Letter: Empower Hoosier energy consumers

When lawmakers returned to the Statehouse last month for Organization Day, the building was filled with thousands of advocates who want elected officials to hear their concerns. It would be easy in all of that action to overlook an issue that affects every single Hoosier household: energy policy.

In recent years, Hoosier consumers have been hit hard by increasing utility rates, and they often feel helpless in the face of a monopoly power company with total control over the energy they consume.

Nothing could be further from the truth. There are clean-energy alternatives such as residential solar that lawmakers could help Hoosiers access—a move that would lower bills, support good-paying local jobs, and improve the quality of our air and drinking water.

For the past three sessions, I’ve pushed for legislation that would prevent homeowners associations from restricting the placement or use of solar panels. This would help expand residential solar and protect property rights; it’s a relatively small step on a much bigger path that should include more incentives for Hoosiers to embrace clean energy and invest in the power of the sun.

The Indiana 21st Century Energy Policy Development Task Force, a bipartisan group of lawmakers and experts, convened earlier this year to address the state’s energy future and make recommendations for policies that will help move Indiana forward.

They’ve heard from utilities, coal and gas interests and companies that consume massive quantities of energy. They haven’t really heard from Hoosiers like me and you—everyday energy consumers who are sick of rate hikes and want to explore other options.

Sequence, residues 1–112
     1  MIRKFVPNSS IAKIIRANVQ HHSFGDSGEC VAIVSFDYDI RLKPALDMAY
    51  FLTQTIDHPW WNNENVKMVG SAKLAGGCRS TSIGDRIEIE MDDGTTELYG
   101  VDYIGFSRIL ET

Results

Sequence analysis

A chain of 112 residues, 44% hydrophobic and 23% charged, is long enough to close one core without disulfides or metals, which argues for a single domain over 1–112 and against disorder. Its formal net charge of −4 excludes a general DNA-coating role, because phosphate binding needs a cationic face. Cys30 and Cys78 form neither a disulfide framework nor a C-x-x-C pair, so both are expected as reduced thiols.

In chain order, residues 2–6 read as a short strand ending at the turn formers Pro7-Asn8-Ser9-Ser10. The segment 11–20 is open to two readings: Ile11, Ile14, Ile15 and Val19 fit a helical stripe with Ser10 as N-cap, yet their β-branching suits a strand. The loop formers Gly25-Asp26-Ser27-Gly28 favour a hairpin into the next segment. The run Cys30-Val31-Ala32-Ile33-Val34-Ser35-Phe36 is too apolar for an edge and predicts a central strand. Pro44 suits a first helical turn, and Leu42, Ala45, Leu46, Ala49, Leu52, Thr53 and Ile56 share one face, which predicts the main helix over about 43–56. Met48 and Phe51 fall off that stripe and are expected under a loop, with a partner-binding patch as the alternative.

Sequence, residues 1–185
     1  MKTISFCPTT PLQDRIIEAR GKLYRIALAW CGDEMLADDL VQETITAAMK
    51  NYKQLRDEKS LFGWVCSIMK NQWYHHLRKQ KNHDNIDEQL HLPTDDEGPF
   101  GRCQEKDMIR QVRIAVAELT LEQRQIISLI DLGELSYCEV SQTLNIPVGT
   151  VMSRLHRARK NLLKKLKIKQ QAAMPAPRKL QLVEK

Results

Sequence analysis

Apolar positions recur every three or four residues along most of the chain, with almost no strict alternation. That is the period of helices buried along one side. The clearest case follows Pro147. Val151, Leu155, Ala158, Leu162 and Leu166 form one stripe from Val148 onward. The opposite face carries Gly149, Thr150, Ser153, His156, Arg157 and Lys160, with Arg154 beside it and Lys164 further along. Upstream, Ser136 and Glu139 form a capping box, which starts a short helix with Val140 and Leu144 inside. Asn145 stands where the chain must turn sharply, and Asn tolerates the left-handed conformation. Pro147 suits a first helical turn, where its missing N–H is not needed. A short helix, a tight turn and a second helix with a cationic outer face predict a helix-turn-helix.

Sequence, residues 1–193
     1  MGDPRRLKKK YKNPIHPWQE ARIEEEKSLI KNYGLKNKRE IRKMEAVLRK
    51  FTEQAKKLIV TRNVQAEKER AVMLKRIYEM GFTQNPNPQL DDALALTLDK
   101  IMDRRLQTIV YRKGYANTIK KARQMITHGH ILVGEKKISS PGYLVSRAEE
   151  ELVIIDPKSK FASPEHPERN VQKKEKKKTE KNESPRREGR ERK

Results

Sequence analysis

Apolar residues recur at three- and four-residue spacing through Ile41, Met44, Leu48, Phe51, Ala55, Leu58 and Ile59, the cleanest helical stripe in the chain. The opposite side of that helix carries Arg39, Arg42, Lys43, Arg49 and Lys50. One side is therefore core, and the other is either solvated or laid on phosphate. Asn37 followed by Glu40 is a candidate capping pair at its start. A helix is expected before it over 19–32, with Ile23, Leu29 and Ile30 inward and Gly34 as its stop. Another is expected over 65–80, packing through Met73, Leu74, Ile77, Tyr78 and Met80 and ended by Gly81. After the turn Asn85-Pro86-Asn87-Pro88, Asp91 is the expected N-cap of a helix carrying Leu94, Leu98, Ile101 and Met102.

While customer-owned energy resources like rooftop solar, battery storage and electric vehicles are taking off in other states across the country, Indiana risks being left behind if our policymakers continue to look backward at 20th century energy technologies.

For those looking to learn more and get involved, the Indiana Solar Congress, a free conference for those interested in solar energy, will take place on Dec. 7 in Indianapolis.

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Joey Myles

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One thought on “Letter: Empower Hoosier energy consumers

  1. If common sense is used I’m in favor of solar. Solar is like many things, it’s not for everyone and every location. Most homes are older and the roof line of many isn’t large enough nor facing south. If you use common sense at all you won’t put solar on a residential shingled roof. The majority of residential lots simply are not large enough to be practical. A parking garage is a reasonable size building and many get large amounts of direct sun light. E & W highway Right-of-Ways have stretches that face south. One drawback for along roads is far to often vehicles get off the pavement.

    IPL thru its parent company, IMPA, Hoosier Energy, Duke, NextEra, NiSource have proven it works in Indiana. What needs to take place is to make it easier for small utilities and REMC’s to get back in to generating using solar.

    (1) Doing so will ease the load on the GRID.
    (2) Money for a small utility has always been an issue. If small utilities had just 5 to 10 percent of their load covered by solar they could keep the dollars that leaves the area every month under their PPA.
    (3) Long term local solar would help control rate increases.
    (4) Solar at ground level can be up with a few men and a backhoe by local contractors.
    (5) Our Federal Gov’t is offering millions upon millions towards energy research. Take a look at what our 17 National Laboratories are doing research on.

    I mentioned common sense. There must be some guidelines at the state level.

    Note: It’s unfortunate that the Dec. 7th meeting of the Indiana Solar Congress was not better publicised.

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